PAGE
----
FAIRFIELD — In the past month, students from throughout Fairfield have worked to collect funds, supplies and books to send to a school in Sierra Leone.
The project is the result of a conversation between Fairfield Woods Middle School social studies teacher Alice Warren and her daughter, Kate Laursen, a volunteer with the Peace Corps in the West African nation.
Laursen’s school lacks many resources needed to provide an education to its 70 students. Warren and Laursen came up with an idea for a schoolwide campaign to collect 1,000 books, initiated by Woods seventh-grade health teachers Cathy Hamill and Tina Bengermino.
“For about three or four weeks, kids did bake sales and other fundraisers,” Hamill said.
In addition, on a visit back to the states, Laursen visited Woods and shared information to social studies and health classes on Sierra Leone and her school, much of which was surprising to students.
“When we got pictures and looked at the school and how small it was but saw how happy they seemed, even though at most the students had a pencil,” seventh-grader Griffin Dodder said.
“We take our public schools for granted. We pay for our education through taxes, but for them, they have to pay a yearly fee and a lot of families can’t,” said Will Passarelli, also in seventh grade.
In addition to Woods, donations were collected by Fairfield Warde High School, Jennings, Stratfield, North Stratfield Elementary schools, Fairfield Prep, Fairfield University, as well as the Fairfield Public Libraries.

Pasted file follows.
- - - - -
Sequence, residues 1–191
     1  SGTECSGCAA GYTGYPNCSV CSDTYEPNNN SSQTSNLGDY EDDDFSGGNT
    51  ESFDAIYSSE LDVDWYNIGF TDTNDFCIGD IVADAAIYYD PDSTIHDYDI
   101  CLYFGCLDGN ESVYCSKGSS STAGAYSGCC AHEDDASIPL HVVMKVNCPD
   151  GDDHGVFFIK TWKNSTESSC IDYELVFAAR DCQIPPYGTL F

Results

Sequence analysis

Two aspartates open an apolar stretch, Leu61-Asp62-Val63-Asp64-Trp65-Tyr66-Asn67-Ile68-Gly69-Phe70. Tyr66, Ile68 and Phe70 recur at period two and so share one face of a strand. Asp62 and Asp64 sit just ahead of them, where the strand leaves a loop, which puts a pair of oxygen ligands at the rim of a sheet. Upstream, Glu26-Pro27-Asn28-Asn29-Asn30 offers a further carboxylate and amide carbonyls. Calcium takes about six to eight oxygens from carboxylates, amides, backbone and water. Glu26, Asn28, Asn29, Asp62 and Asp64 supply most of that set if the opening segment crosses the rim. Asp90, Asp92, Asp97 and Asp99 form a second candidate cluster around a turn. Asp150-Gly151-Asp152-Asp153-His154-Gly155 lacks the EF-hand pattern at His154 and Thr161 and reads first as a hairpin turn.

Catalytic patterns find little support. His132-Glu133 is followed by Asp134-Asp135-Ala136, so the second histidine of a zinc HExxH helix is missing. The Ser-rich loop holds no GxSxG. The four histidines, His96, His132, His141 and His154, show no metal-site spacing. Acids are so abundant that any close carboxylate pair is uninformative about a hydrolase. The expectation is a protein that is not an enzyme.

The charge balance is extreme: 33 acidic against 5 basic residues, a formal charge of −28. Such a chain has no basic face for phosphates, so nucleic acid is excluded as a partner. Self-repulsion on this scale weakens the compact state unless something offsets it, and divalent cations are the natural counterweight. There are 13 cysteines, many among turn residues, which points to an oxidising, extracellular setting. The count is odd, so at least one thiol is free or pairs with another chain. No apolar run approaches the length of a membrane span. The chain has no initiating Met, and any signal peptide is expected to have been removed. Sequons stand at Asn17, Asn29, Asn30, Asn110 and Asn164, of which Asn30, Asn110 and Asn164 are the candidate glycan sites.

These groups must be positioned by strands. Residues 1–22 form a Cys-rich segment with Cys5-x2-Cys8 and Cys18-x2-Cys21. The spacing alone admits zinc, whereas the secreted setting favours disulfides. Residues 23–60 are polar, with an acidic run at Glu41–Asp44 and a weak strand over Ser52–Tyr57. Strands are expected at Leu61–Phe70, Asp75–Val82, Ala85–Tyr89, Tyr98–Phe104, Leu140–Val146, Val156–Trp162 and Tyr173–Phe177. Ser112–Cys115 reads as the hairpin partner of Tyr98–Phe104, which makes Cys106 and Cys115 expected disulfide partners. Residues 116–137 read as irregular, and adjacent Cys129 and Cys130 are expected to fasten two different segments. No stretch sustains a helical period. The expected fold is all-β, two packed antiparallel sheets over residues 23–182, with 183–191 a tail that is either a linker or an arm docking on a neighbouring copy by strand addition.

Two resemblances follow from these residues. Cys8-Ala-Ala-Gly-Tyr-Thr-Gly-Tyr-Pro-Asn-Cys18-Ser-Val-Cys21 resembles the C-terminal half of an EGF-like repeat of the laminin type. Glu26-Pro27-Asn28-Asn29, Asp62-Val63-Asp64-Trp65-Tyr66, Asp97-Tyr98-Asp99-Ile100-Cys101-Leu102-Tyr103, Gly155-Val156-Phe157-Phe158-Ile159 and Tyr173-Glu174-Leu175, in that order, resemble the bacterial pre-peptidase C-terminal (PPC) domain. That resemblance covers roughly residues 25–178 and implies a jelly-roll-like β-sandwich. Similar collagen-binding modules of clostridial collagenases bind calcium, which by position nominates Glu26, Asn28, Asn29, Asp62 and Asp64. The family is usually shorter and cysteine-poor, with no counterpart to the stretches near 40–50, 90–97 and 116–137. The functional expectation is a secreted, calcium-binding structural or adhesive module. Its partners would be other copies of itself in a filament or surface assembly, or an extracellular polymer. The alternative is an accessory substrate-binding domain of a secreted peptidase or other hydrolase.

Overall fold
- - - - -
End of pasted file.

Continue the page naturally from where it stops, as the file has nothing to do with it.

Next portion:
Students organized bake sales, raffles and organized drop-offs. Together, they raised more than $1,000 that will help ship of 2,000 books through California-based African Library Project, a group that organizes school book drives in the U.S. that help establish libraries for schools and villages in Africa.
“We just finished counting and boxing the book according to reading level,” Hamill said. This summer, the books will make their way to Sierra Leone.
But more than just sending books and supplies, the Fairfield students hope to forge relationships with their African peers. Students in social studies teacher Craig Krushinski’s class are part of a pen pal program. They recently sent their first letter, in which many documented their day-to-day lives in America, and are eager to hear back in the coming weeks.
“I feel like this project has both benefited them and us,” seventh-grader Karla Nahme said.
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